Ionising radiation is the kind of radiation found in regular x-rays, mammography or CT scans (pictured)
Among 19 European countries, Luxembourg took part in the European awareness initiative to promote appropriate use of medical imaging. Dr Lilani Abeywickrama weighs in on the goals and takeaways of the initiative.
Aptly named “Obtenir la bonne image pour mon patient”, the campaign, led by Heads of the European Radiological Protection Competent Authorities (Herca), launched earlier this month. It not only reiterates the harmful effects of over-imaging to medical professionals but additionally raises patient awareness on the topic.
Diagnostic imaging is common practice in medicine, and nothing is alarming regarding a safe dosage of ionising radiation (the radiation you find in regular x-rays, CT scans or mammography). What is being targeted in this intervention is the robust reasoning for requesting diagnostic imaging, as highlighted across European countries where almost 20% of such investigations are not adequately justified. In December 2015 results showed Luxembourg was the highest user of diagnostic imaging in Europe. Consequently, the health ministry decided to take action to reduce the number of non-justified examinations, improve doctor-patient education while maintaining the high quality of care delivered to the Luxembourgish population.
What has Luxembourg learnt since? By implementing a plan of action which was then audited, the health ministry aimed to better document and understand the effects of the new policy. The public health campaign focused on awareness as demonstrated by their involvement in Herca. They introduced continued professional development and education on the subject, so as to standardise imaging requests from medical practitioners and subsequently they developed a set of good practice policies for healthcare institutions in the country. Tangible goals were set to reduce the number of unnecessary investigations by 50%, bring a standardisation of imaging practice to 100% and most importantly maintain and optimise safe doses of medical radiation per examination for the general public.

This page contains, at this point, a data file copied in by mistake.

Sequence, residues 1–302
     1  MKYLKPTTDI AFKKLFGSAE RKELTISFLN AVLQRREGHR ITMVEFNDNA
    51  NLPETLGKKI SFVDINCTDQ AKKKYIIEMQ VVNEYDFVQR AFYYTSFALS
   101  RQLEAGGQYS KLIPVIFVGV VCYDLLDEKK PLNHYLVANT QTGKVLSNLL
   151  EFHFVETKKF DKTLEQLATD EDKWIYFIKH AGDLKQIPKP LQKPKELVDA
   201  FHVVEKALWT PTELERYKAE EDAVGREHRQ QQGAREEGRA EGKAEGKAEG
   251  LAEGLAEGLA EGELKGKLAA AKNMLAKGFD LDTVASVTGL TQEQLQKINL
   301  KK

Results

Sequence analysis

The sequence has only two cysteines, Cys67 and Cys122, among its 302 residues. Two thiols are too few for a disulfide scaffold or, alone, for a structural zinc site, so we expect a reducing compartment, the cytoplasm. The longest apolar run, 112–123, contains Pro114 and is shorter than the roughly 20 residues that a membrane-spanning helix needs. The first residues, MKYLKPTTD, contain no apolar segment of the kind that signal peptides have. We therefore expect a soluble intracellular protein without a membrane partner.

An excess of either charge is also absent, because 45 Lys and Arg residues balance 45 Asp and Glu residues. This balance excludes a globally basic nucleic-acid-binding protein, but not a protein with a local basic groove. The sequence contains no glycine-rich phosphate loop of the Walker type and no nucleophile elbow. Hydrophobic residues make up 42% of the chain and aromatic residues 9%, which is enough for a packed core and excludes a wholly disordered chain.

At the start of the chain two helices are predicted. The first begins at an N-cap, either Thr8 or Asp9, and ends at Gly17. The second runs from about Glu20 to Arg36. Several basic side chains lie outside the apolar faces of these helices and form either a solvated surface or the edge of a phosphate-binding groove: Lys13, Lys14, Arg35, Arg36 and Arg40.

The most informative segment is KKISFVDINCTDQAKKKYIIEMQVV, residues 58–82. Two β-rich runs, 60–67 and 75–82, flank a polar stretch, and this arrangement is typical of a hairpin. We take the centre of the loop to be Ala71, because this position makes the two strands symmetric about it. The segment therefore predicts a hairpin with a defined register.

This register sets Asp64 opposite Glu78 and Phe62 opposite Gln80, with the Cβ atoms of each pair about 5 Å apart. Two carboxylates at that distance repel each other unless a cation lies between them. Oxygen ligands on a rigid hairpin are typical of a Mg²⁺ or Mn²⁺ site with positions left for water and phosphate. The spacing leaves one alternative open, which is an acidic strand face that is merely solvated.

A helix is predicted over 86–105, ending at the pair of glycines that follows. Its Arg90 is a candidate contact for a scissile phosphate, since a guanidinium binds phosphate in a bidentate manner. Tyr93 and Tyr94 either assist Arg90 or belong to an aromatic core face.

Possible reasons for unnecessary imaging include bolstering a clinical diagnosis--which could otherwise be confirmed without imaging, performing imaging which would otherwise not alter a patient’s treatment plan, or requesting x-rays for a pregnant woman which could be postponed if not urgent. Patients, too, play their role in driving the demand for unnecessary imaging as witnessed in cases of appeasing the “worried-well”, where perhaps medical practitioners should intervene and prioritise empowering the patient via education.
What can we learn from Luxembourg? Findings from the health intervention in 2017 demonstrated that 39% of imaging in Luxembourg was shown to be imprecise or incomplete with an equal percentage of inappropriate CT scans. Luxembourg has followed suit of precisely what the European Commission Radioprotection act for 2000 emphasised. The campaign is not a call for doctors to restrict their practice but instead to reconsider the genuine need and value of investigation for the patient. Leaflets produced by the Herca during November’s joint campaign consist of 7 key questions to doctors ranging from the need for a repeat radiological image, factors to consider when imaging children, to opting for efficient non-ionising imaging alternatives. All these can be found on the ministry’s website and are readily available for public use.
Dr Lilani Abeywickrama is a Luxembourgish ophthalmologist currently based in Milan. Her main interest is advocating healthy living and precision technology within her specialty and is pursuing her interests in the field of healthcare management.